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View Full Version : Help with Relocating Galaxea


Almogia
09/20/2015, 06:27 AM
Hey y'all,
I have a lot of Galaxea frags, and I'm thinking to relocate them to a different one of my aquariums, but I know that they are super aggressive.

I've read that too much flow aids in the creation of sweeper tentacles (which I have already seen them send out, in their own tank), and that this can sting other corals.

So I wanted to know if there are any other corals that are either particularly SENSITIVE or particularly HARDY against Galaxea? Or, I suppose, if anyone with experience with Galaxea recommends against the whole idea?

Attached a photo of the frag shelf - I have so many that they have started growing back together into one big colony XD

Dkuhlmann
09/20/2015, 08:25 AM
Many corals in fact most corals have this ability. Some are worse of a sting than others. So it's recommended to space different corals at least 6" apart.

You sure do have a bunch of them. How many total frags do you have there to get rid of

billsreef
09/20/2015, 11:49 AM
You really want to keep galaxia from stinging any other corals. Those sweepers can easily extend about a foot. Physical barriers (rock walls or a piece of plexi) can help for packing them in with other species.

Docdiggy
09/20/2015, 11:58 AM
Yup, I traded my big galaxea cause it was mean. It was a real nice piece too.

Almogia
09/21/2015, 12:18 PM
Dkuhlmann - I think about 200 small frags, with four or five bigger colonies. I don't want to get rid of them, as we (the lab people, that is) might need them for experiments at some point.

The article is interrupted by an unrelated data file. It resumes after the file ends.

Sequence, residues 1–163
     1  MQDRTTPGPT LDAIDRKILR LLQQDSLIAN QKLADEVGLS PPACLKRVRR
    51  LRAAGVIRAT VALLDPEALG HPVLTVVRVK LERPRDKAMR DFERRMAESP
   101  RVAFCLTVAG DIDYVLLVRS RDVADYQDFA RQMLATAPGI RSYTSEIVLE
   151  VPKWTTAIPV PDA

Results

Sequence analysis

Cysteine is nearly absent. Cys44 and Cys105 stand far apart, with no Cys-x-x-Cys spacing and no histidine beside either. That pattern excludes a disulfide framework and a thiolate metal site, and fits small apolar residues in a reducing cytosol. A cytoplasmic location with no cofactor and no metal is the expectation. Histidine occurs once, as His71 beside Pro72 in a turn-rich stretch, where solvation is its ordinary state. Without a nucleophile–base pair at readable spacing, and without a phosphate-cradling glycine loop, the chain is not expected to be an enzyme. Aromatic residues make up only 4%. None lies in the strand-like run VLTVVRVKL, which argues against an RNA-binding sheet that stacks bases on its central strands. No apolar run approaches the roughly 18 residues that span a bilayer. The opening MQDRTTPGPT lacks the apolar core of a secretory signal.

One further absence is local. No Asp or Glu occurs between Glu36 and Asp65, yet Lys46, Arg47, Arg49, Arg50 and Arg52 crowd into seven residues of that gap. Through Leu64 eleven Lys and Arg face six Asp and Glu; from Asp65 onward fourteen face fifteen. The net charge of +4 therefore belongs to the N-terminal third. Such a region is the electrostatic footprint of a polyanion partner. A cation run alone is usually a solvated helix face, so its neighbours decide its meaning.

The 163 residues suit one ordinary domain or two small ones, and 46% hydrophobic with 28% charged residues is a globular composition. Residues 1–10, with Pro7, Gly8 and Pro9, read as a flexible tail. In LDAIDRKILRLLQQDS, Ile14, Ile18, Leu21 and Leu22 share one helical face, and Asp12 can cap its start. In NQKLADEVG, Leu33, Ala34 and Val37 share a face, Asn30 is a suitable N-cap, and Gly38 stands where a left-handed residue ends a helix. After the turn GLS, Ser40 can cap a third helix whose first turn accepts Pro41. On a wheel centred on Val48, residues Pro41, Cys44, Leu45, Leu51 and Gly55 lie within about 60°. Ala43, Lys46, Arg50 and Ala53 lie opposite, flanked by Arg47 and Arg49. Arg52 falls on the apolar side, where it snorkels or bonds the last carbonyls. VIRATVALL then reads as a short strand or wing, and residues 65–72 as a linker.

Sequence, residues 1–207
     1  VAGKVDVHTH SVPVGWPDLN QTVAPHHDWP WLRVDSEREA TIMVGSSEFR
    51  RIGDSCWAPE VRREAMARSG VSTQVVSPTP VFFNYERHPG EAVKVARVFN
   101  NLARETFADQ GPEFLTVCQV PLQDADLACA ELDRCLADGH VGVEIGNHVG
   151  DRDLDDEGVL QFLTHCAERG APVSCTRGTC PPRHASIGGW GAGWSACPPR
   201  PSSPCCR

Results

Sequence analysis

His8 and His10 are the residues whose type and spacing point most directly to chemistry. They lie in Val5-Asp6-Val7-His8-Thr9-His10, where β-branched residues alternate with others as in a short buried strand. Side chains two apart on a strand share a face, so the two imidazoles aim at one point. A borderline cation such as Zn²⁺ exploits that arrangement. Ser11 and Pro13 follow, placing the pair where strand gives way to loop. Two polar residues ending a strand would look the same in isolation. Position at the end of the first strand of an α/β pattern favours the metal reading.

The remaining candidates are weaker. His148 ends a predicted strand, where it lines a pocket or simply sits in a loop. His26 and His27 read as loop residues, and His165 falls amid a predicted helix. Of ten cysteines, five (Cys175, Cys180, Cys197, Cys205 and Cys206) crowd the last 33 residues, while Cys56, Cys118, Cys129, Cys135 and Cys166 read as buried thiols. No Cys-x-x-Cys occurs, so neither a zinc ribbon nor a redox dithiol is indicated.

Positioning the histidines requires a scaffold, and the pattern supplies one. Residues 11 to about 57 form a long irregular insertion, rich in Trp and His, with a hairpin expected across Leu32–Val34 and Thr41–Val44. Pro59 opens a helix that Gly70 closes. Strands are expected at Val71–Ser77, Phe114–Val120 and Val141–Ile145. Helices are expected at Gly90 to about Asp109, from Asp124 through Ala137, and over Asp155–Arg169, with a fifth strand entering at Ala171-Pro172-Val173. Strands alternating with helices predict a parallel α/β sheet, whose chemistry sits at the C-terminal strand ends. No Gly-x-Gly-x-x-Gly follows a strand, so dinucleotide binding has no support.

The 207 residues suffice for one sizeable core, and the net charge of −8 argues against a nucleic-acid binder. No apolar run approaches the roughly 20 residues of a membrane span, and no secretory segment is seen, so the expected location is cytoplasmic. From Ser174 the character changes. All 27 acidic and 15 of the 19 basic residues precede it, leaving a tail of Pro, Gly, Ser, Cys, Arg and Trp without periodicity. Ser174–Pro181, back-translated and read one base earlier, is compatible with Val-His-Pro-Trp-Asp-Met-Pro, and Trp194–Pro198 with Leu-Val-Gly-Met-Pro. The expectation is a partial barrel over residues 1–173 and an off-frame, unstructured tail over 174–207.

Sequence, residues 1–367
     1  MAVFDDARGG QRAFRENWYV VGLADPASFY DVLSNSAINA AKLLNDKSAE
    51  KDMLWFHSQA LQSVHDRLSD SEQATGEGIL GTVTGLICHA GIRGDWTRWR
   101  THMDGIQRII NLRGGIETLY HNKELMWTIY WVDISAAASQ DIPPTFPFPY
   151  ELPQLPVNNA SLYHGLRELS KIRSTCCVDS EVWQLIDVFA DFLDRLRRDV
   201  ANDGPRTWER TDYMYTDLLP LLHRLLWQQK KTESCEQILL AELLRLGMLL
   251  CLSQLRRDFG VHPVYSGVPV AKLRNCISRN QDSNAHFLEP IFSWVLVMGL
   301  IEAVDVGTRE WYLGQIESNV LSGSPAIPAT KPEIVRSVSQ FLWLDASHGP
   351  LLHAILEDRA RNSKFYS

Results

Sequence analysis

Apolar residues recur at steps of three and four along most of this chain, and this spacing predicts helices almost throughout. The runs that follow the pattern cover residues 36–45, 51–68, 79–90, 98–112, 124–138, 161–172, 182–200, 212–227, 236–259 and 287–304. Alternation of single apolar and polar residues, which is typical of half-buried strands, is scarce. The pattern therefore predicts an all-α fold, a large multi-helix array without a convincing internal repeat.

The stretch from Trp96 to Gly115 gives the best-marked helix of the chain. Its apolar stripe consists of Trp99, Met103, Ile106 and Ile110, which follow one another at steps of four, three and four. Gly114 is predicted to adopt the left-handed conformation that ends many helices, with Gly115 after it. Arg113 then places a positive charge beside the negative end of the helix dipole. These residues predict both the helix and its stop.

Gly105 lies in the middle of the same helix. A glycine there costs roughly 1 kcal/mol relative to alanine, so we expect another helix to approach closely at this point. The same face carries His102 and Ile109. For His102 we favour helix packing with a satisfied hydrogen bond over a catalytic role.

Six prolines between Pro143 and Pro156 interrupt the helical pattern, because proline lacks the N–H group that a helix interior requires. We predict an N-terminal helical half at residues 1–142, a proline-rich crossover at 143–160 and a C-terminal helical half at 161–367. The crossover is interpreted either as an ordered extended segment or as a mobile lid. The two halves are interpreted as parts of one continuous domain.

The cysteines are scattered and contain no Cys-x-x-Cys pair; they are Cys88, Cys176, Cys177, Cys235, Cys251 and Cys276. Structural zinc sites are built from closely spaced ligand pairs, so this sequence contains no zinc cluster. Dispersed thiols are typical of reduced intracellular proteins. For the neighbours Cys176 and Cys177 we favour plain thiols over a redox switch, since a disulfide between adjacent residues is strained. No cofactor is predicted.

But I just don't see the point of having so many tanks "open" (I have three 600L and one 1000L) when they are all sort of empty - they each have one shelf of corals and that's it in the whole tank!

I'm trying to consolidate but it's tricky...most of my corals are light lovers, so shelf stacking isn't much of an option...

Bill - The problem then is how to get enough flow over them, without it being too strong and blasting off their tissue (been there, done that, not a pretty sight)

Almogia
09/24/2015, 04:14 AM
Well thanks for the replies, guys, but the question is now moot.

The chiller in that aquarium went berserk, and dropped the temp down to 9 Celsius overnight - everything is very very dead :'(
All my beautiful galaxea and turbinaria, plus my tangs, urchins, brittlestars, snails, shrimp...all of it gone

theMatrix
09/24/2015, 04:34 AM
Sorry for your loss.

Dkuhlmann
09/24/2015, 05:48 AM
OUCH! Ya sorry to hear that.

billsreef
09/24/2015, 07:09 AM
Sorry to hear that. Never good when chillers or heaters run amok :( Don't know what your lab is equipped with, but best luck I've had is with running chillers and heaters with Ranco controllers. Failure mode is normally to just stop working instead of sticking on, so you might loose the chiller or heater, but at least it doesn't over do things and gives a bit more of a margin for discovering and fixing the issue.

billsreef
09/24/2015, 07:34 AM
Tasha,

Two things, first off, posting just for the sake of raising post count is frowned upon. It bumps posts that people are following, only to have them check to see what was posted and find nothing worthwhile, which is aggravating to many people.

Secondly,

[welcome]

Dkuhlmann
09/25/2015, 06:09 AM
Tasha, Bill's right it's a major pita to read not only useless posts but ones that actually say this is my x post.

What I suggest is that you ask questions, there are so many threads here you shouldn't have any trouble finding one where you can ask questions of what you need to learn.

Welcome to RC :thumbsup: